Thursday, October 29, 2009

The Murders in the Rue Morgue and Other Stories

Murders in the Rue Morgue

The Murders in the Rue Morgue and Other Stories / Edgar Allan Poe.
Köln : Könemann, 1995
310 p.

The portrait painted by an artist robs his sitter of her life. A jester dwarf takes terrible revengo on the king and his court. The Red Death stalks the chambers of Prince Prospero. The razor-edged pendulum swings lower towards a prisoner of the Inquisition. And Montresor takes Fortunato to a dank Roman cellarage, to taste an Amontillado...

Ten of Edgar Allan Poe's great tales of horror, jeopardy and death, and the four classic tales with which he created a new genre, the detective story: 'The Gold-Bug', 'The Murders in the Rue Morgue', 'The Mystery of Marie Rogêt' and 'The Purloined Letter'.

Ok, so everybody knows who Edgar Allan Poe is, everybody thinks of him as that quintessential creepy author, and everybody can recite the opening lines to that poem from the Simpsons Halloween special. So believe me when I say that it is with great trepidation that I make the following statement:

Wow, guys, I really don't care at all for this dude's short stories.

I'll start at the beginning. The desire to read his short stories was first planted when I was in college taking a course called Opera on the U.S. Stage Since 1950. We watched this crappy old VHS copy of a very cool opera called "Ligeia", which was based on Poe's story of the same name. I loved the opera primarily for the story, which I found to be one of the smartest, most creepy and haunting stories I'd ever known.

So when I came across this collection in a used bookstore with "Ligeia" in it, it was a no-brainer. I finally read it this month, and that was definitely my favorite story of the bunch for all the same reasons I liked the opera.

Of the other stories, I also enjoyed "The Pit and the Pendulum" and "Hop-Frog" quite a bit. And to a lesser extent, "The Cask of Amontillado". The other ones just didn't do it for me. I divided them into two camps: "The Creepy" and "Those Mystery Ones".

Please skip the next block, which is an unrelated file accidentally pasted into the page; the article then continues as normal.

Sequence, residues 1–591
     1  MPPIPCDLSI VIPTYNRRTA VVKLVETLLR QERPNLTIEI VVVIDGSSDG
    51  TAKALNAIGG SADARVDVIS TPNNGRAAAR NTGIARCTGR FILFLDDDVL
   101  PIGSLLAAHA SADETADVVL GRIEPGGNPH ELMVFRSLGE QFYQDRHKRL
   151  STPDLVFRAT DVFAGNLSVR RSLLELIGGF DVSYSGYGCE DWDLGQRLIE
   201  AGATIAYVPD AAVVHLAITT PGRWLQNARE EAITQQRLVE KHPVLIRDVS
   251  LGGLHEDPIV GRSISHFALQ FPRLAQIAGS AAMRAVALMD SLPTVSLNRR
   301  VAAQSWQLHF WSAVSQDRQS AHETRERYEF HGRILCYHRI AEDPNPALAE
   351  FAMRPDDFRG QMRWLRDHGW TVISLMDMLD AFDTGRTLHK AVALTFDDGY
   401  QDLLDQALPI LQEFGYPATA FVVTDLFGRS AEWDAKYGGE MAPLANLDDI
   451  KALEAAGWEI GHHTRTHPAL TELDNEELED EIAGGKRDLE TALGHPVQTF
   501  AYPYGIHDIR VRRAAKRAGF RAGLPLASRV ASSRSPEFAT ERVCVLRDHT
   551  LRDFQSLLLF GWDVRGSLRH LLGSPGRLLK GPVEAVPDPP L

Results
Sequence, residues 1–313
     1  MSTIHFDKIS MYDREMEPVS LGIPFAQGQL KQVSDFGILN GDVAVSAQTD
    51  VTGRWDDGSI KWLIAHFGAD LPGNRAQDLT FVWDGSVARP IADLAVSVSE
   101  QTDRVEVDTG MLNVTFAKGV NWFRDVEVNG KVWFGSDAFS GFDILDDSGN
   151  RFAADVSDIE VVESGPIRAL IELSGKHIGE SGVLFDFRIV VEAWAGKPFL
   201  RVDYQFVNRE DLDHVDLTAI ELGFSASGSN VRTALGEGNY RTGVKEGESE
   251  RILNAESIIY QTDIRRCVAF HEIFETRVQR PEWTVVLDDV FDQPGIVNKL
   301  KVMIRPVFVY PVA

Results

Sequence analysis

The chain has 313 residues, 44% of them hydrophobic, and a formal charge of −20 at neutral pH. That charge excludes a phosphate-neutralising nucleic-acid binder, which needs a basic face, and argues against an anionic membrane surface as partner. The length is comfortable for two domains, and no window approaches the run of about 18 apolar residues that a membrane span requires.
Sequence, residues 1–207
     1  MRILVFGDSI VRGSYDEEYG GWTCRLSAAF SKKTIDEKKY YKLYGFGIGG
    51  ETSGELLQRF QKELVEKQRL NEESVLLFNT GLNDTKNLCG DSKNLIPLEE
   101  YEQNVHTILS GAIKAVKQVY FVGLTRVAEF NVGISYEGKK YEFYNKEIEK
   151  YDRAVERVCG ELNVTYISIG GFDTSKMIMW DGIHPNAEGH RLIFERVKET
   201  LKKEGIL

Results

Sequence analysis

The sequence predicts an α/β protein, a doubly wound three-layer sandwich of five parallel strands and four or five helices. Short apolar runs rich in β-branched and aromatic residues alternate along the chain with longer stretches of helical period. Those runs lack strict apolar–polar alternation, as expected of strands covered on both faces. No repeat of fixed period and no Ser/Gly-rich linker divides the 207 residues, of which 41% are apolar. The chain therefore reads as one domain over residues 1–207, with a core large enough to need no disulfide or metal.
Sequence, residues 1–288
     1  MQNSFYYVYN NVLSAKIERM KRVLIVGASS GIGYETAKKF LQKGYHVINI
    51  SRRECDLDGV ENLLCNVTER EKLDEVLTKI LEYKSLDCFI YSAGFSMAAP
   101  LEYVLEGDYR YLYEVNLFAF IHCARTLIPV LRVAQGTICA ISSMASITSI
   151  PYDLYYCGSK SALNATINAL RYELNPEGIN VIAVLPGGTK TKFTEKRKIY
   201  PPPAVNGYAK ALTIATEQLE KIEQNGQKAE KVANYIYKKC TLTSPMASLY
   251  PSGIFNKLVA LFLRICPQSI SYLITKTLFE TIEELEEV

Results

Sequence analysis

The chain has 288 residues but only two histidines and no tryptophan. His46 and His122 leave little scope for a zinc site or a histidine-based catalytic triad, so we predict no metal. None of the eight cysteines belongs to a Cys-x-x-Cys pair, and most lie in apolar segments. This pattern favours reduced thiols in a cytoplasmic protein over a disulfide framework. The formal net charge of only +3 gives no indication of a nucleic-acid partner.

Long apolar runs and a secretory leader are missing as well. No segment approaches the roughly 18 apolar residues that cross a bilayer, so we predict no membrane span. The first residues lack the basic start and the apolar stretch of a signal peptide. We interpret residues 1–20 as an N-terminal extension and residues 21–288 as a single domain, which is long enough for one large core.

The Creepy bunch bothered me because, yes, I understand that Poe was touching on some deep psychological ideas, but that's really all he did... touch on them. These are things that have since been taken and expanded upon such that the original ideas presented so tersely here do not really hold up. And people talk about recurring themes in these stories, one of which is the death and rebirth of a beautiful woman. The stories "Morella", "Ligeia", "Berenice", and "Eleonora" all fit this, but it's not just a recurring theme. It's a recurring plot. I felt like he was telling the same story over and over with minor variation. "Really? She was pretty? How pretty? Wow, that's pretty. Oh, she died? Crap. Don't worry, she'll be back. See, here come her teeth now!"

Those Mystery Ones I had a lot less tolerance for, perhaps because they were at the end of the collection. Spoiler alert, by the way, I'm about to give away the ending to one. Basically Poe would set up a murder mystery and then solve it. I understand that these are sort of proto-mystery stories, but they were so dryly presented. First the scene, then the facts quoted from false newspaper articles and then the solution. Here's the spoiler: The murders in the Rue Morgue were committed by an angry monkey. REALLY, Eddy? A monkey? The best part of these mysteries is how they can be solved in mundane ways. It's like reading a 400-page locked-room mystery novel to have the last page say "MAGIC IS REAL IT WAS SNAPE!"

But I get it. I see why these stories have lasted so long and the impact they've had on gothic and detective fiction. Really. I just don't see them as something I'd ever pick up again with the exception of the ones I mentioned liking.

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